Thirtysomething Boston schoolteacher Ben (Jimmy Fallon) strikes it lucky when he meets high-flying executive Lindsey (Drew Barrymore). But when the seemingly perfect couple reveal to one another their respective obsessions hes a baseball nut, shes a w
This transatlantic reworking of Fever Pitch, Nick Hornby's novel about a bloke obsessed with Arsenal, shifts the action to Boston and the Red Sox baseball team with a handy title change to help prevent us confusing it with the '97 homegrown adaptation which put Colin Firth centrefield.
Working from a script by comedy veterans Lowell Ganz and Babaloo Mandel (Splash, City Slickers, Robots), Peter and Bobby Farrelly have made the material very much their own in the same way that John Cusack and Stephen Frears did with their Chicago-set version of Hornby's second book, High Fidelity. Perhaps that's unsurprising, given that just as Hornby is a full-on Arsenal supporter, so too are the Boston-born Farrelly brothers major Red Sox fans. And they, like Hornby before them, combine to winning effect heartfelt passion for their subject with a pleasing line in self-deprecating humour.
The greater emphasis on the romantic storyline, which shoe-horns in top-billed Drew Barrymore's Bridget Jones-like love interest, may have all the attraction of an own goal to fans of the original, but even this blatantly commercial strategy works. Now a film of two halves, the embarrassing geek-boy antics of Ben and his Sox fan pals play well in opposition to the uptight, neurotic shenanigans of Lindsey and her lunching ladies.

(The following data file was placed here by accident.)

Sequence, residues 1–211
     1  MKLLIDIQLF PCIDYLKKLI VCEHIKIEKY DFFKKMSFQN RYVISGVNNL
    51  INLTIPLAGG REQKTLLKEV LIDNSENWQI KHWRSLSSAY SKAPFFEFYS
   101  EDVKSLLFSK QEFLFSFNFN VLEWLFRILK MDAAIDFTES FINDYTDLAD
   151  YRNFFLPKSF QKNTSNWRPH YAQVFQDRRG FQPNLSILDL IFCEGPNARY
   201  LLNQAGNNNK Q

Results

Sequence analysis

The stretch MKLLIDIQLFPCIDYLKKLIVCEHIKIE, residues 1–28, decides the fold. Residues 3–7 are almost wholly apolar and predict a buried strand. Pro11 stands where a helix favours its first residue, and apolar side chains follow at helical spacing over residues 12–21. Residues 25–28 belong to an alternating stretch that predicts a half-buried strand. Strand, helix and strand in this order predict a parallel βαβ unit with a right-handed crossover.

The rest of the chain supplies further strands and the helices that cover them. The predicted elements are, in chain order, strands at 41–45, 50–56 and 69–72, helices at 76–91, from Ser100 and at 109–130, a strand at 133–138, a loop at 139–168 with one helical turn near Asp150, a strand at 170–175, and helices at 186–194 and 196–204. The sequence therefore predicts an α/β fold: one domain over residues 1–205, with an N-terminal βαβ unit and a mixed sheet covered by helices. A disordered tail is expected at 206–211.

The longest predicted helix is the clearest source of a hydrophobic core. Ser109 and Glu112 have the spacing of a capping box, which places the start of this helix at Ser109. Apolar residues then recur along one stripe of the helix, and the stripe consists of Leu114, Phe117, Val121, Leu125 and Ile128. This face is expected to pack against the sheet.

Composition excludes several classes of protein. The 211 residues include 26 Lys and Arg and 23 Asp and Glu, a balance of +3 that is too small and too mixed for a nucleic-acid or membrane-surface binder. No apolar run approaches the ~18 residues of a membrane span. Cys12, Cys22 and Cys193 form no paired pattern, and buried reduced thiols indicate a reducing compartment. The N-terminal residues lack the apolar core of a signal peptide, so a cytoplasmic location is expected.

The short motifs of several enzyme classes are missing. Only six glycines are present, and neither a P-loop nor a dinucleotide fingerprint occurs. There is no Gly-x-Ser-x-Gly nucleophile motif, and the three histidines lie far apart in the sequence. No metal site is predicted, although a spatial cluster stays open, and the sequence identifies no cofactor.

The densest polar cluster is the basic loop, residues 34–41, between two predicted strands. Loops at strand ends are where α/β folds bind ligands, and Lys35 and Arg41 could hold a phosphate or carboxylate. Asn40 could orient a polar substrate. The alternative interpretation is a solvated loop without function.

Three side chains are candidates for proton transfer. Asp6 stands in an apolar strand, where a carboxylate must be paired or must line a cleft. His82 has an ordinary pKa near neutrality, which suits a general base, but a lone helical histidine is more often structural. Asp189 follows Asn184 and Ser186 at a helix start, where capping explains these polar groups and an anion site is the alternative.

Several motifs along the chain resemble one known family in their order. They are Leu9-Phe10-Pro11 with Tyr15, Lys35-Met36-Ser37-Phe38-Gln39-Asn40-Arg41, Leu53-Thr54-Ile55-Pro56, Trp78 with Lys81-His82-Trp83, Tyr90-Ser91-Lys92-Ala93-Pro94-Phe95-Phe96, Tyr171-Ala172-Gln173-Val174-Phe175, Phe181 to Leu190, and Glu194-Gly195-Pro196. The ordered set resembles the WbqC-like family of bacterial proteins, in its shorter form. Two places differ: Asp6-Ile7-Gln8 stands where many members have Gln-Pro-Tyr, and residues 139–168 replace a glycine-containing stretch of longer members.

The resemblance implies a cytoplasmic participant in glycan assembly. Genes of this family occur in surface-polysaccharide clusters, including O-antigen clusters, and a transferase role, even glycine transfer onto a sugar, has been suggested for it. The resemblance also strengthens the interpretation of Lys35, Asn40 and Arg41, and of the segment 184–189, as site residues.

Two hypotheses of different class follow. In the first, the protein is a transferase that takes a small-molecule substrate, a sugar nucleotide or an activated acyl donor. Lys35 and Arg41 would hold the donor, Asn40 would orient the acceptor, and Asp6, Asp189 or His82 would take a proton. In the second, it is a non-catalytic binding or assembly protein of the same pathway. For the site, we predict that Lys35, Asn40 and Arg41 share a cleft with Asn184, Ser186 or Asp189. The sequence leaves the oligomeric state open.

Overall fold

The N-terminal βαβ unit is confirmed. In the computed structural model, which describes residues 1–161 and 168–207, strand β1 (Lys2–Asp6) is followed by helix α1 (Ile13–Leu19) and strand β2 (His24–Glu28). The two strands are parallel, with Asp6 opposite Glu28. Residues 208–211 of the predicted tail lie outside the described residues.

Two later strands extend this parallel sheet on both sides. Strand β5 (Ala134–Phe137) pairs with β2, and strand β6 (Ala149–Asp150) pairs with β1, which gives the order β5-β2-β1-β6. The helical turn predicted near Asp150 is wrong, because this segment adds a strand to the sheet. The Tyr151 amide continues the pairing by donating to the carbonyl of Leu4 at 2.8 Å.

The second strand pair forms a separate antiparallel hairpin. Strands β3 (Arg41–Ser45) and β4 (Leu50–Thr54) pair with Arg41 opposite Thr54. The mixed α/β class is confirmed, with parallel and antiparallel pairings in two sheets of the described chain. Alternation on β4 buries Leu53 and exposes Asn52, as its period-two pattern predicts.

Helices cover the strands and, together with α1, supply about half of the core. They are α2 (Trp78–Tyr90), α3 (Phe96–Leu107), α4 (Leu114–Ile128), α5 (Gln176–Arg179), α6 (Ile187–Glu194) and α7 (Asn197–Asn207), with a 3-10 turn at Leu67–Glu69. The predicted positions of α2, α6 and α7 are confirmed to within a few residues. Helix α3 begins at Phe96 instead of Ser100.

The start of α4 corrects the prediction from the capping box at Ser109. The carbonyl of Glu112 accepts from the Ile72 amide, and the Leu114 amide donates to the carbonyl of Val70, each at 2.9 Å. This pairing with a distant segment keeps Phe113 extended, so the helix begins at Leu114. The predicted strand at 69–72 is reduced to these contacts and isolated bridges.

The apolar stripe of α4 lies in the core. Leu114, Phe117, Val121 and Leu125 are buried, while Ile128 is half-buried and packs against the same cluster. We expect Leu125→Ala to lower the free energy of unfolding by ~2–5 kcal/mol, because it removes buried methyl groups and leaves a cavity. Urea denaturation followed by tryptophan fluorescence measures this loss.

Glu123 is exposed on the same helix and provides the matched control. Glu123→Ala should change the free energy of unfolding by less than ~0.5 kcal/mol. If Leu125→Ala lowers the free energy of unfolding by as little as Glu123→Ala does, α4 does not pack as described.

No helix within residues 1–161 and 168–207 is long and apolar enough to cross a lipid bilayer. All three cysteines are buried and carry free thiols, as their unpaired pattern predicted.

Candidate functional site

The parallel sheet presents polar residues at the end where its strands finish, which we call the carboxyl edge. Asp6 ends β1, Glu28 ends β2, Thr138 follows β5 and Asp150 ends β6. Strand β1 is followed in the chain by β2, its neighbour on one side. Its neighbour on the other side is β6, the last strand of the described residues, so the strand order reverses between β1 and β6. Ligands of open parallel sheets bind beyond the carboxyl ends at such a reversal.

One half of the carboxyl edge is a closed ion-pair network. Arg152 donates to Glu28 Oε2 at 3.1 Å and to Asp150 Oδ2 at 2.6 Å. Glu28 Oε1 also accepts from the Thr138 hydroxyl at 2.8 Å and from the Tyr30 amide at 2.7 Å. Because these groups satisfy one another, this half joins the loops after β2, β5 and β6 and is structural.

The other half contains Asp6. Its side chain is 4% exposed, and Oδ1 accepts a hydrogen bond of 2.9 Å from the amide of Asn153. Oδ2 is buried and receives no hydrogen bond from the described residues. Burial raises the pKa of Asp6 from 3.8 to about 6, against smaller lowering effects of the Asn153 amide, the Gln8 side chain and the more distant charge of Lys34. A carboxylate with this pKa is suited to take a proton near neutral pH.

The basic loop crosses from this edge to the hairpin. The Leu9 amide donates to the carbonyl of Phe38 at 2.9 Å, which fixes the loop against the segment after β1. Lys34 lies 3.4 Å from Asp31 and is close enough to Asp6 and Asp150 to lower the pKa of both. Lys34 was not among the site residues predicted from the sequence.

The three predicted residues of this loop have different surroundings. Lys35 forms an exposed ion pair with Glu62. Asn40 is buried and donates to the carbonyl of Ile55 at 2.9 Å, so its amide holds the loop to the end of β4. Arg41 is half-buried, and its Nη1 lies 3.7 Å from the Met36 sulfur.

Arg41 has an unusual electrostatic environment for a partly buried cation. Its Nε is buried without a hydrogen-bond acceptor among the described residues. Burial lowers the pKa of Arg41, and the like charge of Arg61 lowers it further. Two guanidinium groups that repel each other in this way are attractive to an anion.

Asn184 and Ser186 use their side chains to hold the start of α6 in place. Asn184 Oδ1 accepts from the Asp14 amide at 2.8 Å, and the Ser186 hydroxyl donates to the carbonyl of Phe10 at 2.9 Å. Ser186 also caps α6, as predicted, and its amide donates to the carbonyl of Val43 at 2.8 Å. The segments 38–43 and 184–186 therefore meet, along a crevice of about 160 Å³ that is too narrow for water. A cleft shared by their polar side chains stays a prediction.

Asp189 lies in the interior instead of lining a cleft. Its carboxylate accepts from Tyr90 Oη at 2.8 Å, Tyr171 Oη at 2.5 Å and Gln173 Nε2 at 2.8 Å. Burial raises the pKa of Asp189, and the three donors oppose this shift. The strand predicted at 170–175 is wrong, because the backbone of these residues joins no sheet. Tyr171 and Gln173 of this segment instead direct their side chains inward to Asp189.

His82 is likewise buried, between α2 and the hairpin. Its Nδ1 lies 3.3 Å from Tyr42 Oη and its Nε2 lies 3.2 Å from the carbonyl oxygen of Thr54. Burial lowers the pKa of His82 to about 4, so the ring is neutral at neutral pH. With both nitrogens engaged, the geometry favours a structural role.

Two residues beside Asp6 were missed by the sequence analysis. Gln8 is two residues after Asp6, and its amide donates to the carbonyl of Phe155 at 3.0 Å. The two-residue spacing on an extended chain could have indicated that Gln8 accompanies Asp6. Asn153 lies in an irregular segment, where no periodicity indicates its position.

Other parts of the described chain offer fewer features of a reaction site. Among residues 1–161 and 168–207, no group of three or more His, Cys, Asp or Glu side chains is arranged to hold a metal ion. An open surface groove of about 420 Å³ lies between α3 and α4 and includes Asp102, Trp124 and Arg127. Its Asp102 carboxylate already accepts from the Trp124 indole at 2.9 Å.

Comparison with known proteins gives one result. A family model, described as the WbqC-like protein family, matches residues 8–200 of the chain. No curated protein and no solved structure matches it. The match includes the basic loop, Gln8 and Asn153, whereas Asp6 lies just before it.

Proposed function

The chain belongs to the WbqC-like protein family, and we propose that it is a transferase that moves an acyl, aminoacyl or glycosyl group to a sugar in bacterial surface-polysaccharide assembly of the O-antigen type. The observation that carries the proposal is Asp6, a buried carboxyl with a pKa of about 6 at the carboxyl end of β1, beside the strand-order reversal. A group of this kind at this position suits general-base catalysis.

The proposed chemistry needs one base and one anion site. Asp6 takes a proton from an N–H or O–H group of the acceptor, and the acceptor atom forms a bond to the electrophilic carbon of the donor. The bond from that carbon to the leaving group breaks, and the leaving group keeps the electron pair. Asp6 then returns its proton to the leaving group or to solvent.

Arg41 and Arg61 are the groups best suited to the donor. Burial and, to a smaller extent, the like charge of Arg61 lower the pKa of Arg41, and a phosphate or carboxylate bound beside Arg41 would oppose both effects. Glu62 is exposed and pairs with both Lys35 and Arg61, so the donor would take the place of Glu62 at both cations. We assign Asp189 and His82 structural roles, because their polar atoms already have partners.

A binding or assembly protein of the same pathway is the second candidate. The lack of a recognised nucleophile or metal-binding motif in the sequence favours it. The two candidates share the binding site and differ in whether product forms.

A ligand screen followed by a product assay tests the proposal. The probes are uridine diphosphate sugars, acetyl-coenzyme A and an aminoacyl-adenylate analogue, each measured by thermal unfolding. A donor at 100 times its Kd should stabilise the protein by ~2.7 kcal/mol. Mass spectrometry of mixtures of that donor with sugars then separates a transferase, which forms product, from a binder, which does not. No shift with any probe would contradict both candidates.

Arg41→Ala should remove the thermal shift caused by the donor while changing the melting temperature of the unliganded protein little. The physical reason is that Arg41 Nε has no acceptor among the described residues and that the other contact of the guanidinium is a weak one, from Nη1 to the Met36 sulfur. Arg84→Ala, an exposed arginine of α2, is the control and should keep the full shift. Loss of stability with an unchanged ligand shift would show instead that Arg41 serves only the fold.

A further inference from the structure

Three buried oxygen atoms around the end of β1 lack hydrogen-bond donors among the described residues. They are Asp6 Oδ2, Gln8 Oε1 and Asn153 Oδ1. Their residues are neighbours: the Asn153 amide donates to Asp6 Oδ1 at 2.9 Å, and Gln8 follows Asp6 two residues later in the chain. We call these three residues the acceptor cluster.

Theres also good chemistry between Fallon and Barrymore, not just in romantic terms but in a comic sense, too. And Fallon, a Saturday Night Live alumnus and still relatively unknown
in the UK (he sat in the passenger seat of Queen Latifahs cab in Taxi), gives a surprisingly nuanced performance that shows a good deal of range. His Everyday Joe displays that sense of resignation tempered by an underlying cocksure spirit that's a quintessential Hornby-bloke character trait.
The Perfect Catch might not include many of those lewd, crude gross-out laughs we've come to expect of the Farrellys, but their championing of society's underdogs (usually freaks, but here geeks) is very much in evidence, and certainly makes for an amiable and constantly amusing adaptation.
Not a Farrelly brothers classic, and (some testicle-washing aside) not much in the way of their trademark gross-out humour, but the boys from Boston do an admirable job of transferring Hornby's story into the States and onto the baseball diamond.